Truth be told, I bought Theobroma several months ago while visiting my sister in New Hampshire and it sat unattended in my basement for a time before I finally had the good sense to break into it. While most folks might cringe with revulsion at the notion of drinking a beer that has been sitting in storage for a time, the truth of the matter is that many craft-brewed beers age in a manner somewhat similar to wine and can be opened and enjoyed long after their bottling date. In fact, there is a process known as “bottle conditioning” wherein the beer is bottled with live yeast that continues to ferment after the seal is made, leading to a richly flavorful beer once it is opened. While Theobroma is not a bottle-conditioned ale, letting it sit for a solid few months allowed the exotic flavors to further be steeped and led to a strikingly flavorful drinking experience as a consequence.

Popping the top off the 750mL champagne-style bottle, my senses were immediately flooded with the sweetness of cocoa layered over a strong alcoholic subtext somewhat reminiscent of cognac. Beneath the initial sweetness come aromas of smoky chile peppers and honey-like yeast, a robust wave of fundamentally different flavors. When poured into a pint glass the hazy dark golden hue of Theobroma gives way to a frothy off-white head, a surprisingly color presentation given the darker elements of its ingredients. The mild carbonation of the body continues to release the array of flavors comprising the nose of this beer. The first sip heralds a surprising sugary quality contradicted by the beer’s ingredients. I was fully expecting a thick, smoky flavor rounded out by the sweetness of cocoa and the heat of chile peppers, but the taste falls more along the lines of a forward honey-like sweetness mellowed out by the smoke of peppers with distinct hints of cocoa. The manner in which this beer is marketed suggests that chocolate is the main flavor component, but in truth the notes of cocoa are more of an added sensation rather than a star character. This is not to belittle the presence of the cocoa, for it is easily evident, but it is certainly not the foremost zest in the beer itself. For an ale, Theobroma has a hearty mouth feel not unlike some imperial ales and IPA’s and the sensation on the tongue is equal parts effervescent and robust. I can’t say in honesty that I wasn’t slightly disappointed at the relative lightness of Theobroma, but regardless of my expectations this is a distinctly unique beer in terms of flavor and presentation. While the finish is somewhat oily and leaves the stinging sensation of hot pepper juice on the tongue, Theobroma is overall an enjoyably mild beer that both conveys a reverence to ancient culture and the artistry of brewing exotic ales.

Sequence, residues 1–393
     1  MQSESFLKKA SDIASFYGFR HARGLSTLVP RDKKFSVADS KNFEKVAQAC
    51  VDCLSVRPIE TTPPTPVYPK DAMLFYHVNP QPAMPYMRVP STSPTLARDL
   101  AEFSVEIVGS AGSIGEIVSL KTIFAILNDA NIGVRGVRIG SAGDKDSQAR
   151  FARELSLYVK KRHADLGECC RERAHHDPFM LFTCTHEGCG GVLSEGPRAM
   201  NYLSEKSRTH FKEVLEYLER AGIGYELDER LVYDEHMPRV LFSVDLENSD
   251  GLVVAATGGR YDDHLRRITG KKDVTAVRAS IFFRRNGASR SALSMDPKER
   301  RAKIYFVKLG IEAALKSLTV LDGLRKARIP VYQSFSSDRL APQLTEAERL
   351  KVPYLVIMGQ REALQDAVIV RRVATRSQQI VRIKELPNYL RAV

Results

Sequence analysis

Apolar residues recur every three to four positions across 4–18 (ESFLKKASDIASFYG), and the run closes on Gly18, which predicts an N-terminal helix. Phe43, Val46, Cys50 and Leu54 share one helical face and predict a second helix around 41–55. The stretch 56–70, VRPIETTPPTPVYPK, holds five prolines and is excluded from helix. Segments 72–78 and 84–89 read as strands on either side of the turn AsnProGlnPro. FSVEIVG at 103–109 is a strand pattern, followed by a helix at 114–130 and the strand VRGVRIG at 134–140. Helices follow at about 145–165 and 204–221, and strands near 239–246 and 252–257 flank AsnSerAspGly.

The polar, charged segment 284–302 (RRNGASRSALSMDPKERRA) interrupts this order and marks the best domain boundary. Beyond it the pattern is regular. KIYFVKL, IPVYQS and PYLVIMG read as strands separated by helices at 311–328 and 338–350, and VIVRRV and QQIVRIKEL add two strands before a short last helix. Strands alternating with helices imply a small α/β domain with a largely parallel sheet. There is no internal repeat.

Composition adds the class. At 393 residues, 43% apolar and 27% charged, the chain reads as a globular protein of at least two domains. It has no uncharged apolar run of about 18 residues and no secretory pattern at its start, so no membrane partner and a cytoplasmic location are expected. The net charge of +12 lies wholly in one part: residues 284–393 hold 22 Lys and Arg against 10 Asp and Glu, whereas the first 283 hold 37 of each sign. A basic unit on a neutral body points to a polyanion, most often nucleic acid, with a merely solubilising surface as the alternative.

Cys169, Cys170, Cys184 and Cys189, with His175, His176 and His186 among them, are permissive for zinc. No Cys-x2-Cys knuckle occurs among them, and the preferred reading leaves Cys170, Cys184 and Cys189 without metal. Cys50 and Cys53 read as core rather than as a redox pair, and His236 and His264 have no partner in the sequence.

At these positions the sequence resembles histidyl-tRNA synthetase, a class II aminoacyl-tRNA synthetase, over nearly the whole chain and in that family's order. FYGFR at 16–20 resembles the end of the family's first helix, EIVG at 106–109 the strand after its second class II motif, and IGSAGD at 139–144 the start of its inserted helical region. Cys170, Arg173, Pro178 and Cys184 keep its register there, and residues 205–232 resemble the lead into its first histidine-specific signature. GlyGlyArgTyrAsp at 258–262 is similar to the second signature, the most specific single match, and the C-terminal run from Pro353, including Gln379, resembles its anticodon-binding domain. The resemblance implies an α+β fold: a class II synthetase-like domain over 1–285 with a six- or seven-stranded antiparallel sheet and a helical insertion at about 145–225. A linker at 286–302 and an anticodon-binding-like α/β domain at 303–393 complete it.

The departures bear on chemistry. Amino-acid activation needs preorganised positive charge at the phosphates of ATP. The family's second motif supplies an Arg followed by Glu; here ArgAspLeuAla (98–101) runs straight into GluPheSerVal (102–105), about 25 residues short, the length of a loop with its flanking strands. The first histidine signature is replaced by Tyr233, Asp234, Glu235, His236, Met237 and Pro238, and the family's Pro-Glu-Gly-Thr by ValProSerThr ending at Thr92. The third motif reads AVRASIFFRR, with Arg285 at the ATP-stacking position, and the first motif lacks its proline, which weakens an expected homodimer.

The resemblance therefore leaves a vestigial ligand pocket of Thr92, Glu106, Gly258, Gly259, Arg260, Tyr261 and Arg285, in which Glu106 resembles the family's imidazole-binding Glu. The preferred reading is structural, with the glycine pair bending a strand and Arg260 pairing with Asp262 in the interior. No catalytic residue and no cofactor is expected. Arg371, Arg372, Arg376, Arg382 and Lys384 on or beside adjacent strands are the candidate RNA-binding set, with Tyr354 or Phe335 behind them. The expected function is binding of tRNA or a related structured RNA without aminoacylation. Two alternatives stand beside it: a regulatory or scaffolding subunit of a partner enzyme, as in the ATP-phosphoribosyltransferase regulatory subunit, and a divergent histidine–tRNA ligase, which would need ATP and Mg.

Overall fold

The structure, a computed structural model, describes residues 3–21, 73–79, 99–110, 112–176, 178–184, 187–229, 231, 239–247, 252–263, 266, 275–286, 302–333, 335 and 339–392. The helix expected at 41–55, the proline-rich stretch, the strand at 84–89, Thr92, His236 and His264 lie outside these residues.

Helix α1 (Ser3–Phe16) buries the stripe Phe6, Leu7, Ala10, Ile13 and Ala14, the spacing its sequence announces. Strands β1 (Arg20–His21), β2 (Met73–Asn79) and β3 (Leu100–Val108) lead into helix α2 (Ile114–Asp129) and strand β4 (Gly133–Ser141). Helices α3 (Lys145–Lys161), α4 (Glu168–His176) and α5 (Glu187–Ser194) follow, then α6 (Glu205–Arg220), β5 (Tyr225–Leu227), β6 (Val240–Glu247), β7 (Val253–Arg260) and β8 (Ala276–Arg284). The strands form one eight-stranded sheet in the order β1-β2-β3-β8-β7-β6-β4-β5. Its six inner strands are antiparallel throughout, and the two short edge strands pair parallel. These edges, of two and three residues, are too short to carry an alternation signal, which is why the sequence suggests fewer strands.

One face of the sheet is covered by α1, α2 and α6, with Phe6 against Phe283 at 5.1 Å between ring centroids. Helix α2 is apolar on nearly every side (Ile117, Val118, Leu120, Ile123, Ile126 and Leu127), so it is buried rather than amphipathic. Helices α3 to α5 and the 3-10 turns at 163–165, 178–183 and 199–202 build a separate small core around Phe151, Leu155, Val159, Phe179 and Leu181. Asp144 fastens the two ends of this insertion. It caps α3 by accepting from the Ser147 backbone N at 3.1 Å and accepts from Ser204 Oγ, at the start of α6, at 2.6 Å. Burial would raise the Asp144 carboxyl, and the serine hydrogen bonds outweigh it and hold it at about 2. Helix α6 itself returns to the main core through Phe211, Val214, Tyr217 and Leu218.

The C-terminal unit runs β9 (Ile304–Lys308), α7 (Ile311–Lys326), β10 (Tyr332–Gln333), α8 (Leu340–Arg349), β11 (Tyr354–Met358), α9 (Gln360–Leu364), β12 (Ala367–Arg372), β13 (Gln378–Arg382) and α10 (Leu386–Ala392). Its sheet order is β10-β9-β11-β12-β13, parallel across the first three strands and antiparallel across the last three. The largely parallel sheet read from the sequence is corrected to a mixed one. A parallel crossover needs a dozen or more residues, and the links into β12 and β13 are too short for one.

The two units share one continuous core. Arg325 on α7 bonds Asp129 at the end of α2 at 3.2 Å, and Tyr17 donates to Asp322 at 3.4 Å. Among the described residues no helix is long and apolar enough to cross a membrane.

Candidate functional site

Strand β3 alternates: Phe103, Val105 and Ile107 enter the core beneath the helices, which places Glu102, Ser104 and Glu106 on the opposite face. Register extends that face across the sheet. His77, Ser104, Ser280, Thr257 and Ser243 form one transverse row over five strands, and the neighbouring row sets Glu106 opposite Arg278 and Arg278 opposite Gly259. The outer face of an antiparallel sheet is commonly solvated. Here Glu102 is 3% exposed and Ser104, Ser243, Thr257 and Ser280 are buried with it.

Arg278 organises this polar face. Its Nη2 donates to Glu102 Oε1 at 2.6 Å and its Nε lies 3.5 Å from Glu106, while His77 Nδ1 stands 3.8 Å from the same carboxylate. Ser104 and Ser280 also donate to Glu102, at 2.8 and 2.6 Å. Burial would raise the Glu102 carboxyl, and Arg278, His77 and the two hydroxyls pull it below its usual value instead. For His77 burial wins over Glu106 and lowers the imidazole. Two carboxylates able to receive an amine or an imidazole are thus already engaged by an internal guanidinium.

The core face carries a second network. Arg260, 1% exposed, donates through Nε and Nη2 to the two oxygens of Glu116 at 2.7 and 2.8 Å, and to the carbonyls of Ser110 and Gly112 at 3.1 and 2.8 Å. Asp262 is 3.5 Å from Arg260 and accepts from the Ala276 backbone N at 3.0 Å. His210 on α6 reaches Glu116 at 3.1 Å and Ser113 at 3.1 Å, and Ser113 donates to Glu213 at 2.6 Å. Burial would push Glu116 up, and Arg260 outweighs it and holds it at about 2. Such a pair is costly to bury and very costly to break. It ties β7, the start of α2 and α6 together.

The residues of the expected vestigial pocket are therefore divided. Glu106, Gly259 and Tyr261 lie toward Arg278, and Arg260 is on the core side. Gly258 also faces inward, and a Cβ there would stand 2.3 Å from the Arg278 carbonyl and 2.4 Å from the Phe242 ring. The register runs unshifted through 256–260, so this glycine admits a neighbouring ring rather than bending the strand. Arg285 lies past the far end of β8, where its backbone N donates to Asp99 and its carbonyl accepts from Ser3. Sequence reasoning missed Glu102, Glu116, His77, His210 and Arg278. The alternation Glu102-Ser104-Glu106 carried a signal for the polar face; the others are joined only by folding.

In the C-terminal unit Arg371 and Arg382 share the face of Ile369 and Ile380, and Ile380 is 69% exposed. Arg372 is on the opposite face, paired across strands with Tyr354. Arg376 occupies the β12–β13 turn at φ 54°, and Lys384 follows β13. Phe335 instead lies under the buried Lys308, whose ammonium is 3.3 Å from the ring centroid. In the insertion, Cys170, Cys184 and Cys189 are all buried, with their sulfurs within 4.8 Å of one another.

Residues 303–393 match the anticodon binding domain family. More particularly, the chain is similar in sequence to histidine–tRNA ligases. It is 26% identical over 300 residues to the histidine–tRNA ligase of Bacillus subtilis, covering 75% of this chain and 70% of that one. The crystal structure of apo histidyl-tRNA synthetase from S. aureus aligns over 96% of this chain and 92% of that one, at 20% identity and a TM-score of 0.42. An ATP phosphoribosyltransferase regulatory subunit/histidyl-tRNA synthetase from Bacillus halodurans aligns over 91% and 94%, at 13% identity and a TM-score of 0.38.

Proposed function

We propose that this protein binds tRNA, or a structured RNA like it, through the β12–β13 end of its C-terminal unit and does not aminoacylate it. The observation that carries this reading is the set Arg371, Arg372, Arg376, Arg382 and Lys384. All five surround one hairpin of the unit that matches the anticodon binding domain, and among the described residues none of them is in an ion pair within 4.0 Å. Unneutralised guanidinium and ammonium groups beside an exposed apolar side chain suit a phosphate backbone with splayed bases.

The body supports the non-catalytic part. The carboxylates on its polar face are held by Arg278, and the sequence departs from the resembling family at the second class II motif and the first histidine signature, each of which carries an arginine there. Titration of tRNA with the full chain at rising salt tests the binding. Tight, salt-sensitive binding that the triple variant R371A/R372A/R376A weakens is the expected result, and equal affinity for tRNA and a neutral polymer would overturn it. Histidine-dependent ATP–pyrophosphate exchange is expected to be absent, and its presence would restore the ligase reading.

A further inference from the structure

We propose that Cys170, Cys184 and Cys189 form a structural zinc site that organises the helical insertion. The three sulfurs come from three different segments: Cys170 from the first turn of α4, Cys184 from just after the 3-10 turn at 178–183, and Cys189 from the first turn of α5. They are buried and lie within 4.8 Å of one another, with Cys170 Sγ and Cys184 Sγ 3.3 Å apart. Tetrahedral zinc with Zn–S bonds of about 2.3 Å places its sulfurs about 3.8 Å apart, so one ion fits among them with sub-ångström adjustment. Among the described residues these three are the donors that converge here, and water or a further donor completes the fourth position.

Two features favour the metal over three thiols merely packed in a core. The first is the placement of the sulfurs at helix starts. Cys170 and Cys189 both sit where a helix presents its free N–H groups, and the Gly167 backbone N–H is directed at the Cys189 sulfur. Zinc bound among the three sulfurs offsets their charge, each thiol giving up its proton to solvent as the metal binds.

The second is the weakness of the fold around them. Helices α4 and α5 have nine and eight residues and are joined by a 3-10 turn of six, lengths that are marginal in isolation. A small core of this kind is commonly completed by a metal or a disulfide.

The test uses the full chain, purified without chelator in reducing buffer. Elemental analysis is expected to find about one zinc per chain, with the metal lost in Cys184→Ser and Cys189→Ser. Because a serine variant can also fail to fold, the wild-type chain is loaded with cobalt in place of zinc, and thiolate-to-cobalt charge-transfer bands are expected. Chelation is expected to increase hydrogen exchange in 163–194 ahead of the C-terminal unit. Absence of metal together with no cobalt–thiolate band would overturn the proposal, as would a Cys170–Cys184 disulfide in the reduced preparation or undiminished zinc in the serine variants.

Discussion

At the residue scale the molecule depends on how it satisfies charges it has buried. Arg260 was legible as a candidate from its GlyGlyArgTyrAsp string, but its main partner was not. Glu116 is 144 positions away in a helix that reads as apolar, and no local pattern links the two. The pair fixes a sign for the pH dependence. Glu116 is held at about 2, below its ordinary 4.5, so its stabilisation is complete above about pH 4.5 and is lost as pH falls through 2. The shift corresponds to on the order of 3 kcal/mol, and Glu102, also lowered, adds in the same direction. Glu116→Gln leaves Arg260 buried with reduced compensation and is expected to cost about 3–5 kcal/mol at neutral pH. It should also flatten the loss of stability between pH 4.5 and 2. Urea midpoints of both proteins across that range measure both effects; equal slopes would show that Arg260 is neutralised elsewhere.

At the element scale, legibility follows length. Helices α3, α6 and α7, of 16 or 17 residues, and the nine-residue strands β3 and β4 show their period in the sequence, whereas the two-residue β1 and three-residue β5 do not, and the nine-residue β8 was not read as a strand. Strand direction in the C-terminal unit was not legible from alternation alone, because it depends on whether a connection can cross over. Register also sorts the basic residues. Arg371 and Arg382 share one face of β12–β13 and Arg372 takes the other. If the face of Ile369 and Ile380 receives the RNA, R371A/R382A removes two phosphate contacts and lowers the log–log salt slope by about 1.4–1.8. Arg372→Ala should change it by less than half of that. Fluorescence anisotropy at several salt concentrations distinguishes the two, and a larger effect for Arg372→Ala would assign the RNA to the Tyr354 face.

Dogfish Head has built its reputation on brewing strange and exotic beers, and Theobroma is no exception to this legacy. Its widespread presence in the craft beer realm has afforded it a kind of brewing celebrity that lends itself well to the ability to experiment with more oddball styles and recipes. The Ancient Ales series offers a taste of the old world of alcoholic beverages that has gone underground in the wake of more modern technology and the subsequent brewing practices it heralds. From a personal perspective, Dogfish Head is one of my favorite brewing companies and I say with confidence that very few, if any, of its beers are ever disappointing. Theobroma may not have been my favorite from Dogfish Head, but the boldness required to brew such a complexly flavorful ale is worthy of praise, so I tip my proverbial beer-drinking hat to the brewers there.

Selections from the Ancient Ales series are available at Liquors 44 and Spirit Haus in Amherst, but their obtainability is sporadic due to the intermittent brewing schedule of the series. If you’re lucky enough to snag a bottle of Theobroma, I highly recommend it as a means of indulging in the artful flavors of Dogfish Head’s brewing. This “food of the gods” beer lives up to its name with a 10 percent alcohol ratio, so just bear this in mind when the urge to consume becomes overwhelming. Here’s a well-deserved toast to the bold brewing antics of Dogfish Head; may your strange and exotic brews never be in short supply.

Emily A. Brightman can be reached at [email protected]